What's This About?
Facilities that derive energy-from-waste (EFW) rely on several different technologies, including anaerobic digestion, landfill-gas systems, conventional combustion and emerging thermal conversion technologies, such as gasification and pyrolysis. Fuels, such as renewable natural gas (RNG), can also be derived from waste and used to reduce our reliance on fossil fuels. RNG, for instance, can be a source of fuel for trucking fleets and can be added to natural gas pipelines where the proper infrastructure exists.
EFW has an important role to play in an integrated waste management and resource recovery hierarchy that prioritizes waste reduction, reuse and then recovery. No one EFW technology can be applied across the board. Instead, energy options should be selected to suit the unique waste management needs of communities while balancing social, economic and environmental considerations.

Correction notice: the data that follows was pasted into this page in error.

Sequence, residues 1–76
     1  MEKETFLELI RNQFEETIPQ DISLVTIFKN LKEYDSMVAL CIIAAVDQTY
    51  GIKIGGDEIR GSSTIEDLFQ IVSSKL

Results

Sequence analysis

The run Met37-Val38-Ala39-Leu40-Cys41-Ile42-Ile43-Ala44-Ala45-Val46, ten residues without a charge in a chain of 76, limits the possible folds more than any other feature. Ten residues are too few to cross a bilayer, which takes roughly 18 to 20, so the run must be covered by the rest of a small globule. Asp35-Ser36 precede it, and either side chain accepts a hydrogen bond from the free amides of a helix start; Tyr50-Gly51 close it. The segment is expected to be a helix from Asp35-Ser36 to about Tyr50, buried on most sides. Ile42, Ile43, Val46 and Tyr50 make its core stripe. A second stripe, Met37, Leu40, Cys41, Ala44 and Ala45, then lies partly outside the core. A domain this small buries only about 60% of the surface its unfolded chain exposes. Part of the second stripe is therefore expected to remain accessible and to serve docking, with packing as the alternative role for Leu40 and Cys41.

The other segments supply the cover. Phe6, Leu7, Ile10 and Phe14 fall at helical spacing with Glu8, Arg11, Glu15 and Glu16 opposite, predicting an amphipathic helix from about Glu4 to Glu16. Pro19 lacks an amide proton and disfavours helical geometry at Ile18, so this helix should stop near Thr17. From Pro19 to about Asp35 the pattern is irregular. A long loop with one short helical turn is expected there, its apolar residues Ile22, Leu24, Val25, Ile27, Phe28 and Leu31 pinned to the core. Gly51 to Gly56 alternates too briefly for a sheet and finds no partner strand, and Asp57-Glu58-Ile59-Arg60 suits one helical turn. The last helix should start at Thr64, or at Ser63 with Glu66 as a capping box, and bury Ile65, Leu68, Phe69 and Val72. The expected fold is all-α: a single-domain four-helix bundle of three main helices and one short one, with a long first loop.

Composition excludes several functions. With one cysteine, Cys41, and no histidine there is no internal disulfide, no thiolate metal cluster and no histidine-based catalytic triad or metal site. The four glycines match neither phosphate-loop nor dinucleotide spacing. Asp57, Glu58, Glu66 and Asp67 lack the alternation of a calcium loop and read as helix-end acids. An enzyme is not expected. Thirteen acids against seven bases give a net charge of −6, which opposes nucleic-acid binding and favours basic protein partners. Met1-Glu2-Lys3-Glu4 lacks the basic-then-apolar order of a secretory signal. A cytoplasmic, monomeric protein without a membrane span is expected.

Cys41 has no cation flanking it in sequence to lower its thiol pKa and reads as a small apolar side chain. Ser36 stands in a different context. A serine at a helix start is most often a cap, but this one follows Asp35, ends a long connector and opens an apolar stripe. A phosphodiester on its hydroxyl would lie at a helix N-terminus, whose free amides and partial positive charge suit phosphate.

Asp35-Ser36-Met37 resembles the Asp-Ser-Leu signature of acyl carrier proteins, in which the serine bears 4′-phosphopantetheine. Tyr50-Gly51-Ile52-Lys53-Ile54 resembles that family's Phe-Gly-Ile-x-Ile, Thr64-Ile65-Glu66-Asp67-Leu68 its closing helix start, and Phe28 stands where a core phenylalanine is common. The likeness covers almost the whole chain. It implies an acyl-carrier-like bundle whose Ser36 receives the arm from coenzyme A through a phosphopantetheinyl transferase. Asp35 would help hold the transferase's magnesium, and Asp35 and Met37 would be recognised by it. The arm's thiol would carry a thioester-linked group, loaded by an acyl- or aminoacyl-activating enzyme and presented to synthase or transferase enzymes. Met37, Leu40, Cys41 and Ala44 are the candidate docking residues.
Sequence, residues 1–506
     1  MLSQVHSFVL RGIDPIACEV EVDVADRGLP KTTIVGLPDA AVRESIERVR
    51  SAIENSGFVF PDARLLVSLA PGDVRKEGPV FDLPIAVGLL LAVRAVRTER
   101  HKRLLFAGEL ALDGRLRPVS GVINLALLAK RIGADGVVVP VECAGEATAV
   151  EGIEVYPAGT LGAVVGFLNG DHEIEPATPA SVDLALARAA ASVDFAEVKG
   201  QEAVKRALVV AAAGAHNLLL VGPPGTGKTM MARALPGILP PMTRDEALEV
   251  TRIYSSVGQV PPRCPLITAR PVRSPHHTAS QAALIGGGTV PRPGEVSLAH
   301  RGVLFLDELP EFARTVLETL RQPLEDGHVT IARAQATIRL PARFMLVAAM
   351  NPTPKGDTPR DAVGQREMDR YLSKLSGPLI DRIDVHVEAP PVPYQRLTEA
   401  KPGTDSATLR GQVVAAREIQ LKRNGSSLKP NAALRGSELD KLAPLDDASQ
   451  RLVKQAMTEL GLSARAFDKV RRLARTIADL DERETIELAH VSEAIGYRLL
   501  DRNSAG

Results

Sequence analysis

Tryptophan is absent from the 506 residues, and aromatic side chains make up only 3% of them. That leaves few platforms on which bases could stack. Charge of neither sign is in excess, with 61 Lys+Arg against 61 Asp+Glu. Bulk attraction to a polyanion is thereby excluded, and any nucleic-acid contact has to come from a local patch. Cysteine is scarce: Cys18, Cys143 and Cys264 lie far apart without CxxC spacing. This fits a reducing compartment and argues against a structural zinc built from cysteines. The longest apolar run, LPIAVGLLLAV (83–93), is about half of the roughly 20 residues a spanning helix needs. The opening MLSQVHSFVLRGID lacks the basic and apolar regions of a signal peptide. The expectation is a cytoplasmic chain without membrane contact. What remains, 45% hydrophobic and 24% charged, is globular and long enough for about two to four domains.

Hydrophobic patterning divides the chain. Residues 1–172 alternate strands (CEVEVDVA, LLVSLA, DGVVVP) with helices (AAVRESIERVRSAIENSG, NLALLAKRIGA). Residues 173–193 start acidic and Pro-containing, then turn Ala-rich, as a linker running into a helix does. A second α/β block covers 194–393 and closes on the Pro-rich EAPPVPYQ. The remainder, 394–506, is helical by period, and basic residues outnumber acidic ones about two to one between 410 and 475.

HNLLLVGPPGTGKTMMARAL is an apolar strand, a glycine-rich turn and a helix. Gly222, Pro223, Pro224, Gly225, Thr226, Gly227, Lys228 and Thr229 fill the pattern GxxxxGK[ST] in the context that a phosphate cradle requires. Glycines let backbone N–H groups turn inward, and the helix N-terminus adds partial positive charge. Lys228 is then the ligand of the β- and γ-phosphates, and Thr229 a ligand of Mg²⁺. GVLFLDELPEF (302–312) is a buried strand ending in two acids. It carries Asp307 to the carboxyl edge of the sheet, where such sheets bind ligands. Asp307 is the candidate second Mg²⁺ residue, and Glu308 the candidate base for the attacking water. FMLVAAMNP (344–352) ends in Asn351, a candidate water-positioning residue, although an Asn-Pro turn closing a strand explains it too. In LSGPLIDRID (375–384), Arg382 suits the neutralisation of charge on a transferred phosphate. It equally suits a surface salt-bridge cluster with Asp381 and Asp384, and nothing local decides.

EFW facilities should receive credit for the energy they generate from waste. Certain facilities, such as anaerobic digestion and landfill-gas systems, already receive incentives through Ontario’s feed-in-tariff (FIT) program while other emerging technologies do not.
The provincial government should deal with all EFW facilities, regardless of the technology, in a similar manner by developing a policy and a pricing framework that is consistent, predictable and transparent.
The OWMA continues to work with the Ministry of the Environment and Climate Change on building an approach to incentivize all EFW facilities in a fair and transparent manner.
We continue to advocate for the inclusion of the association’s Guiding Principles on Integrated Solid Waste Recovery and Utilization in new regulations and actions plans, including the Waste-Free Ontario Strategy, the Climate Change Action Plan and the Long-Term Energy Plan.